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Just before the annual VR/AR conference Oculus Connect 6, Facebook CEO Mark Zuckerberg released a teaser video hinting at a software-based hand and finger recognition system. Today, the company revealed that the feature will indeed come to Oculus Quest in a software update next year, following another major development: Oculus Link, a hardware/software solution that will enable the Quest to display Rift games from a PC.

Hand-tracking uses sophisticated AI to help a computer (such as a VR or AR system) recognize the shapes of hands and individual fingers, interpreting gestures as input commands. A wave of the hand left or right may switch pages; pointing at an object might select it; grasping the object could allow you to manipulate it in 3D space. Microsoft’s HoloLens has used a similar system for input since its release, rather than requiring hand-held controllers.

The ability of a computer to recognize hands and individual fingers without hand-held controllers isn’t new, but achieving the same functionality in software could be a big deal for Oculus. Leap Motion was an early promoter of the idea and sold $80 tracking accessories for the purpose, before its acquisition by UltraHaptics (and collective rebranding as UltraLeap) earlier this year.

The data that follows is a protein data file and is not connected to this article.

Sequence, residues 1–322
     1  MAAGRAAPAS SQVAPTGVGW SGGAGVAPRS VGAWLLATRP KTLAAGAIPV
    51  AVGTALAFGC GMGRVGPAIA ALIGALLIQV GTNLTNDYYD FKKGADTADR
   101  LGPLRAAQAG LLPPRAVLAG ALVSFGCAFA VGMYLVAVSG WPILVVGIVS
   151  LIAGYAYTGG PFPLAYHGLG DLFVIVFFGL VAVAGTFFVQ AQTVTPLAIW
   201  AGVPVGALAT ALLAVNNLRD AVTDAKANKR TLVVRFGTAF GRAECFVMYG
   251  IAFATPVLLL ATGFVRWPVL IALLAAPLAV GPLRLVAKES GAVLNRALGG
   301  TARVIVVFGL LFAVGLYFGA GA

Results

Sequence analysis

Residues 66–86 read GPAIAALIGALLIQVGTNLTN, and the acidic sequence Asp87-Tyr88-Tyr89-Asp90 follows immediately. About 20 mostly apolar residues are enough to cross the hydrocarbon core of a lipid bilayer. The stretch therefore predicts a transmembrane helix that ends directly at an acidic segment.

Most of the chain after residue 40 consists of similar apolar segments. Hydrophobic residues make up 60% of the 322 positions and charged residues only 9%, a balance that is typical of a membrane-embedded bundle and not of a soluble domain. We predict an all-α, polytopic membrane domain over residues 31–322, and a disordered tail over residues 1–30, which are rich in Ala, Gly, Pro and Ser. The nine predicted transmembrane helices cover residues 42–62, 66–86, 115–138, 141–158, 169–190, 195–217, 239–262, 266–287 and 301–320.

Facebook says that no additional hardware will be required for Quest: the feature it will run directly from the headset, with “no active depth-sensing cameras, additional sensors, or extra processors required.” It will launch as an experimental feature for consumers and an SDK for developers in early 2020.


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Above: Facebook boss Mark Zuckerberg talks about Oculus Link.

By comparison, Oculus Link will use a USB-C connection to cleanly display Rift content generated by a VR-capable PC. As Quest comes with a USB-C to USB-C cable, that may be all that’s needed for some PCs; another cable may be needed for other machines. Scheduled to be released in November, it expands the library of content that can be enjoyed on a Quest beyond the games and apps that run natively on the device.

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